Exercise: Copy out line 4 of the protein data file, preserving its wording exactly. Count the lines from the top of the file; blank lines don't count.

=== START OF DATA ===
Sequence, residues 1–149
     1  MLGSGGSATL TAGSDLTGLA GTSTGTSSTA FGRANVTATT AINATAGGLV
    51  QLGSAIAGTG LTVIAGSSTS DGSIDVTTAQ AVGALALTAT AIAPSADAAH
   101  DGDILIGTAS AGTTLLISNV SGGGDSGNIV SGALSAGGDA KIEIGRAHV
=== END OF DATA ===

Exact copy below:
   101  DGDILIGTAS AGTTLLISNV SGGGDSGNIV SGALSAGGDA KIEIGRAHV